Friday, November 13, 2009

The ship that rocked a nation

Philip Seymour Hoffman and friends defend rock 'n' roll.

Nostalgia is a cheap enough trick, but it works especially well when it's connected to a time that seemed to brim with counter-cultural impetuosity.

And what better place to express such longing than Britain during the uproarious '60s? In those days, rebellion may have been as easy as turning the radio dial: Rock 'n' roll, you see, was banned from mainstream broadcasting; i.e., the BBC. To combat this censorial outrage, a variety of broadcasters established stations on ships that floated in the North Sea off the British coast. The ships hosted DJs who played rock and who lived rockin' lives, meaning they indulged in sex, pot and music, while cultivating an Animal House-like fraternal atmosphere.

Pirate Radio is the story of Radio Rock, one such ship; it is also an ensemble comedy that boasts a fair measure of rag-tag charm and an ample helping of period music.

Pirate Radio also has a fine cast. Philip Seymour Hoffman signs on as The Count, an American DJ working in Britain. Bill Nighy -- brilliant at playing characters whose witty abilities match their capacity for debauchery -- plays the owner of Radio Rock, and Tom Sturridge) portrays Carl, a young man whose mother (Emma Thompson) suggests that Nighy's character take her son under wing. Nighy's Quentin instantly recognizes the request as a grave error in judgment on Mom's part. Still, he does his best to ensure that the young man enjoys himself.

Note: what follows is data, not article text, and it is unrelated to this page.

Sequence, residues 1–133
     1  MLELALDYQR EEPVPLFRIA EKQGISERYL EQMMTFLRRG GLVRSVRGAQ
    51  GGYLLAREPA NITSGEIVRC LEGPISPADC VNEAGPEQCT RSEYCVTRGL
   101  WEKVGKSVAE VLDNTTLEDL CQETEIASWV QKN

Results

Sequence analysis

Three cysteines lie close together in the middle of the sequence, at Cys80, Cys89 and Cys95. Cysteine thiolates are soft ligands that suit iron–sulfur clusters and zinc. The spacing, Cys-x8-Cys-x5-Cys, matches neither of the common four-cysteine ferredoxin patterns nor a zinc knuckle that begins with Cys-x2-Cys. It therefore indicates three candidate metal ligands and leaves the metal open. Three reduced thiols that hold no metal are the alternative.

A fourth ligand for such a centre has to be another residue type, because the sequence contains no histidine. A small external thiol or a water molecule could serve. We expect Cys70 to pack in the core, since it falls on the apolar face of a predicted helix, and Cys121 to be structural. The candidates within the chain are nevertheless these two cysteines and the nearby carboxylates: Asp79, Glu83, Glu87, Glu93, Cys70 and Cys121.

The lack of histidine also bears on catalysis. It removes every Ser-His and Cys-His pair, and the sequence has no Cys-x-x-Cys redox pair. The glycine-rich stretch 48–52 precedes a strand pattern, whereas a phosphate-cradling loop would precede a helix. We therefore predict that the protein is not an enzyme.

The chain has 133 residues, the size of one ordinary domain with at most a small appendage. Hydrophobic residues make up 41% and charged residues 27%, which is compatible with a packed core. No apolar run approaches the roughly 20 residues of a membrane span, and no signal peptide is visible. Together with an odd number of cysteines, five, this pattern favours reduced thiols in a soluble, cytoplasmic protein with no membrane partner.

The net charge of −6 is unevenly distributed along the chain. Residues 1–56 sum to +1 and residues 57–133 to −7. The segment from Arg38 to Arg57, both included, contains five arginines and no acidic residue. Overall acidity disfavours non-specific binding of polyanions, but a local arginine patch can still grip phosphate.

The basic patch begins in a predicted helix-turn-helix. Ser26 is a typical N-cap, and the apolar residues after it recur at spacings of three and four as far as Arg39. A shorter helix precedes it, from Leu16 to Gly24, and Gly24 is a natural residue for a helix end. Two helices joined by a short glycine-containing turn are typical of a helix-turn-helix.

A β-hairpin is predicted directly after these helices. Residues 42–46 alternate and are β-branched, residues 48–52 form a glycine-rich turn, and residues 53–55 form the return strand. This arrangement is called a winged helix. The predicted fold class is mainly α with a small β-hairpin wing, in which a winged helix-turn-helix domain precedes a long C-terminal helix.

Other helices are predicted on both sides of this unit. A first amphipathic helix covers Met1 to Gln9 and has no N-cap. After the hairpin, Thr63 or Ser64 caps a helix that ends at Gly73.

There are sexual high jinx on board the ship, lots of camaraderie and a budding rivalry between the Count and Gavin (Rhys Ifans), a DJ who fancies himself the sexiest man on the airways.

Of course, every group of rebels needs opposition. Enter Dormandy (Kenneth Branagh), a minister who oversees broadcasting and who works tirelessly to get Radio Rock off the air. His assistant (Jack Davenport) tries equally hard to please his boss. This may be the weakest element in the movie, mostly because the stuffed-shirt British officials make too easy a target, cardboard cutouts ready to blow over with the first rebellious wind.

Pirate Radio was directed by Richard Curtis, who wrote Four Weddings and a Funeral and Notting Hill and who wrote and directed Love Actually. Here, Curtis makes little attempt to conceal the movies episodic nature.

Few difficult truths are allowed to interfere with the '60s nostalgia. But if one is going to be overwhelmed by fondness for the past, it might as well be for the days of sex, drugs and rock n' roll rather than for some equally mythic time when all virtue coalesced on neatly kept, middle class front porches.

Taken as an ode to youth and unruly spirits, Pirate Radio signals fun.

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